The Miracle Courts: Paris’ Notorious Neighborhoods in the 17th Century

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The Miracle Courts: Paris’ Notorious Neighborhoods in the 17th Century
Paris in the 17th century was not a safe city to live in. The streets were mostly unpaved and there was no street lighting. Add to that a street plan that had barely evolved since the Middle Ages and you had the perfect combination for criminals, prostitutes and beggars to thrive. All law-abiding citizens made sure they were safely at home when dusk fell, and even during daylight hours they had to be constantly on their guard against cutpurses and footpads. Petty criminality was so pervasive it formed its own self-contained sub-society. Whole communities survived in separate neighborhoods across Paris, each with a strict hierarchy, rules and regulations. They hid in squalid, slum courtyards and ancient buildings, generally known as the Cours des Miracles, or Courts of Miracles.  But what, exactly, were the Miracles? Ah, well, you see, these beggars and thieves weren’t quite what they seemed. By day they would appear to be crippled, blind, or otherwise horribly disfigured, all to play on people’s sympathy. At night, back home, off would come the bandages, crutches thrown in the corner, eyepatches removed. “Miraculously” they were not disabled at all.  Jacques Callot, The Beggar with the Wooden Leg (1622). A realistic vision of the beggars of the time on crutches, by an artist from the era of the Court of Miracles. Public domain Cours des Miracles had existed since the Middle Ages. The late-medieval poet François Villon was well-acquainted with the courts around Les Halles and wrote poems about them. Their peak, though, came in the 17th century. Thousands of impoverished rural migrants, fleeing years of failed harvests and uprooted by war, poured into Paris in search of work – itself in short supply. Inevitably, many of these migrants fell into destitution and were forced to turn to crime. By the reign of Louis XIV, the courts had extended beyond their medieval origins in and around Les Halles to establish themselves throughout the modern 1st, 2nd and 3rd arrondissements. The district between modern Rue and Passage du Caire and Rue Réaumur was known as the Grand Cour but Rue du Temple and Rue des Tournelles were also notorious for their cours des miracles, as was the area between Rue Saint Denis and the Rue de la Forge, which was the site of the rather inaptly named Filles-Dieu Convent (Daughters of God).  The Temple area in 1734 – detail of the Turgot map of Paris. Public domain.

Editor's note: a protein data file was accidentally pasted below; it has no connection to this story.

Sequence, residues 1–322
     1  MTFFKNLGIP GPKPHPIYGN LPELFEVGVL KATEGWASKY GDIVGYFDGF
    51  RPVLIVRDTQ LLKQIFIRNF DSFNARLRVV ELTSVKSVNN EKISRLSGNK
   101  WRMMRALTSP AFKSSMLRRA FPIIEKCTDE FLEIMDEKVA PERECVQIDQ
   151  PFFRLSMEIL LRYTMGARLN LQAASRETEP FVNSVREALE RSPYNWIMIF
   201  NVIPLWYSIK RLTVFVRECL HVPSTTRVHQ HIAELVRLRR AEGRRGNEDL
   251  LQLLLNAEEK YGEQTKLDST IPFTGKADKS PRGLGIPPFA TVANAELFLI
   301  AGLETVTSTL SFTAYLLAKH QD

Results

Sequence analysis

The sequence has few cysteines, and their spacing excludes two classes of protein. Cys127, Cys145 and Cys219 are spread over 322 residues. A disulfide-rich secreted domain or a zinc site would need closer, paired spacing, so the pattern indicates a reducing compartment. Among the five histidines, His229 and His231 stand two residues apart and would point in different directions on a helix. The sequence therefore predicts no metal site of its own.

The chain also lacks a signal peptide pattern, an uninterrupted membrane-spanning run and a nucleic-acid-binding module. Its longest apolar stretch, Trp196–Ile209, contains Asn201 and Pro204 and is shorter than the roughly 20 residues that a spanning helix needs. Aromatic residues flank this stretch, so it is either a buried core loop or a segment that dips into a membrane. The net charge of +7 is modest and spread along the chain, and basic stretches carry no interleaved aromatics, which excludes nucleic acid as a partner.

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Lead photo credit : The Court of Miracles. Gustave Doré's illustration of Victor Hugo's novel, Notre Dame de Paris. © Gustave Doré/Wikimedia Commons

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Pat Hallam fell in love with Paris when she was an adolescent. After many years of visiting, in 2020 she finally moved from the UK to live here and pursue her passion for the city. A freelance writer and history lover, she can spend hours walking the streets of this wonderful city finding hidden courtyards, bizarre and unusual landmarks and uncovering the centuries of history that exist on every street corner (well, almost). You can find the results of her explorations on Instagram @littleparismoments.

Comments

  • Donald Reuss
    2024-01-11 06:56:37
    Donald Reuss
    FANTASTIQUE ! I can't wait to return to Paris after the completion of the restoration.

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